The book includes a chapter dedicated to other modern Pagan movements, but the discussion is very limited.  Clifton summarizes such movements as The Church of Aphrodite, Feraferia, The Church of All Worlds, The Council of Themis, and, finally, modern Druidism.  I was surprised that there was not a larger discussion on Reconstructionists (although they received brief mentions scattered throughout the book), Asatru, Modern Shamanism, or Chaos Magic.  Some of these movements, especially Asatru, have become incredibly influential in the Neo-Pagan world.  Clifton’s discussion on Druidism, while very interesting and helpful in understanding the development and inspiration for Ár nDraíocht Féin, seemed to fall short of other Druidic traditions.  The Henge of Keltria is only mentioned, and the Order of Bards, Ovates, and Druids seems nowhere to be found despite its having American members and an obvious influence on the modern Druidic movement.  If Clifton were to release a later edition, my suggestion to him would be to include a chapter on Druidism as well as a chapter on Astaru and Heathenism.  His chapter on other Pagan paths should be dedicated to the less understood, less discussed paths such as chaos magic and Christian Witches.

Despite the minor quips I’ve expressed, Her Hidden Children was an immensely enjoyable book with a lot of important information.  The writing style was very straightforward and easy to understand.  At times, the book was a page turner simply because of Clifton’s narrative style and the interesting facts he presented.

Her Hidden Children has been helpful in understanding the development of Wicca, Druidism, and Paganism as a whole within the United States.  It does not change my spirituality in any way, but it does make me a wiser, more informed, more tolerant person.  I think that, if Paganism is to remain a strong, growing religion, the diverse paths will have to celebrate their differences while embracing their similarities in order to unite for the common good.  This book serves as an excellent starting point for just that.

 

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The latest post on The Wild Hunt inspired me.  Today I did a formal ritual to honor, well, the spirit of America*.  Most people who know me realize I’m not the most patriotic person in the world.  I’m proud of my country, but not blind to its offenses.  I also don’t fly a million little flags around my yard like some of my neighbors **.  That said, I’m not afraid to say that I feel lucky to live where I live.  I read a lot of environmental and human rights news and, frankly, so many people have it way worse than us.  We have our faults, that’s for sure, but at least most of us are relatively comfortable and, well, safe!  It’s a shame that we have corporations who exploit developing nations and our own environment, and it’s a shame that some of our ancestors did unspeakable things to the indigenous people who lived here first, but there’s also a lot of good in America and I can think of that and celebrate it today.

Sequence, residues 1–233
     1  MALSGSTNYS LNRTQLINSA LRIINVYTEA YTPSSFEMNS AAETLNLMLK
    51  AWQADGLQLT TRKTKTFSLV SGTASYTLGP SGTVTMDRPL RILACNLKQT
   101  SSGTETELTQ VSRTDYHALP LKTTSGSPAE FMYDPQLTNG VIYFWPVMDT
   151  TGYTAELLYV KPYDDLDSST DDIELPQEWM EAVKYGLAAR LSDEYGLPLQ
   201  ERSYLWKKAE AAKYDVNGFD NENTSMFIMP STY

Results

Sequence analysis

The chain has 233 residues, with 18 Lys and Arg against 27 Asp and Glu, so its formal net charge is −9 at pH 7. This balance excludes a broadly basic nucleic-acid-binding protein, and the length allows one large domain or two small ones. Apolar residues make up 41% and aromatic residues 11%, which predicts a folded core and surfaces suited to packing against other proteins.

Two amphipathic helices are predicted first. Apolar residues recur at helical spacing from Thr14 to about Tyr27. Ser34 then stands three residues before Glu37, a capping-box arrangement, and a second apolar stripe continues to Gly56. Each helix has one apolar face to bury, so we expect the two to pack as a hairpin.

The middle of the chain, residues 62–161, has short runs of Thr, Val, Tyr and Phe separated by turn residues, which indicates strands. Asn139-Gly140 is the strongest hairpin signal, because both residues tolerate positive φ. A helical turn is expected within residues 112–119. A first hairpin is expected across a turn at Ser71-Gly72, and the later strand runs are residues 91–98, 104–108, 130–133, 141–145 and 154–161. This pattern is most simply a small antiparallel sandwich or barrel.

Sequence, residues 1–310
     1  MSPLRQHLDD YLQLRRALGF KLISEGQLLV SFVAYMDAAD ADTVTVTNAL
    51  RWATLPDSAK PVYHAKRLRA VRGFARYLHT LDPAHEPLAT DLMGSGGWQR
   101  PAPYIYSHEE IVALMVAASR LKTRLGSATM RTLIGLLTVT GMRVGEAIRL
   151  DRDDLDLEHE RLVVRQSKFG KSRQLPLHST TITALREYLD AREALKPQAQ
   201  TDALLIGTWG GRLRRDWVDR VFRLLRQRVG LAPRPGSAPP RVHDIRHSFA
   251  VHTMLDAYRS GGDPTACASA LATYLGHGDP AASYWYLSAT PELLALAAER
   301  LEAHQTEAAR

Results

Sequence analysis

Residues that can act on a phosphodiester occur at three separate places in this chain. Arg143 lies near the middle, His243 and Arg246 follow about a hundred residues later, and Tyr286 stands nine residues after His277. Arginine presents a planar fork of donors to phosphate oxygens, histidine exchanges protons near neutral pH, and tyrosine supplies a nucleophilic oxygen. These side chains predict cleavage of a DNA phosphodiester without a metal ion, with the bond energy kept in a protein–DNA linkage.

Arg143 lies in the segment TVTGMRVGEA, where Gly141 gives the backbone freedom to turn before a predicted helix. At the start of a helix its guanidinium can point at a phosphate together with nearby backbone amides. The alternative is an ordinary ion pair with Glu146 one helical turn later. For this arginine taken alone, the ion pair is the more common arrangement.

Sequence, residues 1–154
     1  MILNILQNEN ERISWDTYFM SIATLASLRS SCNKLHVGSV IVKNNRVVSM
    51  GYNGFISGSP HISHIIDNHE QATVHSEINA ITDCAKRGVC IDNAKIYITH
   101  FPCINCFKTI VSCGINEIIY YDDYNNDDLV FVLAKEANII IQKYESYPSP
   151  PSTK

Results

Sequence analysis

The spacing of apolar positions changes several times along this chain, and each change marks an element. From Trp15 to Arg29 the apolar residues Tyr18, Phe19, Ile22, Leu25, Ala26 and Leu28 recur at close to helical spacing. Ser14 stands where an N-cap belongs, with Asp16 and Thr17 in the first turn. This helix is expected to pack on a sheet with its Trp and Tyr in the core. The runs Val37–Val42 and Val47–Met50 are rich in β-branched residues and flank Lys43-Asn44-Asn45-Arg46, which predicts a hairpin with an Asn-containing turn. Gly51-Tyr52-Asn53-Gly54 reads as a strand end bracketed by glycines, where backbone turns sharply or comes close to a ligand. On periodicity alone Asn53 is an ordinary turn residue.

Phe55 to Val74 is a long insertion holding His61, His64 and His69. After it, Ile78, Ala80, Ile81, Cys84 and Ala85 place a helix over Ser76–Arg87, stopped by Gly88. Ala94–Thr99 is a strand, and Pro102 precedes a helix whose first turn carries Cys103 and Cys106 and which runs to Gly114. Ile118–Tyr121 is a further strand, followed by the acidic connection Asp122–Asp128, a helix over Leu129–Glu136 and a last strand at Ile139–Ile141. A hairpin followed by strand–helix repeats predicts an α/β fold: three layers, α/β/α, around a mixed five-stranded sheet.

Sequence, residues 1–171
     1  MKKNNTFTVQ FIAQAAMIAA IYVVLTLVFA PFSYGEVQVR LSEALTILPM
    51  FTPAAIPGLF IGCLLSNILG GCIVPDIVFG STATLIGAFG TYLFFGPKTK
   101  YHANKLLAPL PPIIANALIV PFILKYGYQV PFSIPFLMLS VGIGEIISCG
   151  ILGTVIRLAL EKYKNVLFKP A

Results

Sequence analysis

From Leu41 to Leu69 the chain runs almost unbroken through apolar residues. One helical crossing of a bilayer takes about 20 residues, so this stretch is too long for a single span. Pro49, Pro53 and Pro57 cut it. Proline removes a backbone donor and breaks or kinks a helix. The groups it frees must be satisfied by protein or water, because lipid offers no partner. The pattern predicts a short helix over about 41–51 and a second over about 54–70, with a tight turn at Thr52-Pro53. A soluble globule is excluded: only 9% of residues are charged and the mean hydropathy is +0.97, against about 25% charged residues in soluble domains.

Just as in my ritual, let me post it to my blog:

Hail to the spirits of America!
Hail to its Nature Spirits!  Hail to the high-flying, majestic bald eagle!  Hail to the forest turkey!  Hail to the river otters, moose, white tailed deer, squirrels, chipmunks, black bears, mountain lions, wolves, and bobcats!  Hail to the kangaroo rats, the coyotes, the scorpions, and roadrunners.  Hail to the great blue herons, the salmon, the monarch butterflies, the black widow spiders, and the alligators.  Hail to the sea turtles, the dolphins, the tuna, and the pelicans.  Hail to the ants, the bees, and the bats!  Hail to the unseen spirits who were here first and who came over with our ancestors!  Hail to you all and may we live in better harmony with you!

Hail to America’s ancestors!  Hail to the Native American ancestors!  May we grow in friendship.  Hail to our immigrant ancestors!  May we remember where we came from.  Hail to the friends and family we knew in America, and hail to those who fought for our country – especially those whose intentions  and actions were honorable.  May we learn from your triumphs and mistakes.

Hail to the Gods of America!  Hail to the Gods of the Native Americans, and hail to the Gods of our ancestors!  Hail to Lady Liberty!  May we bring honor to you in all we say and do.

May we admit to our faults and work to improve them.  May we help the less fortunate, and welcome them to our country.  May we celebrate our diversity and learn to live together in peace.  May we develop better technologies so that we can live in harmony with nature.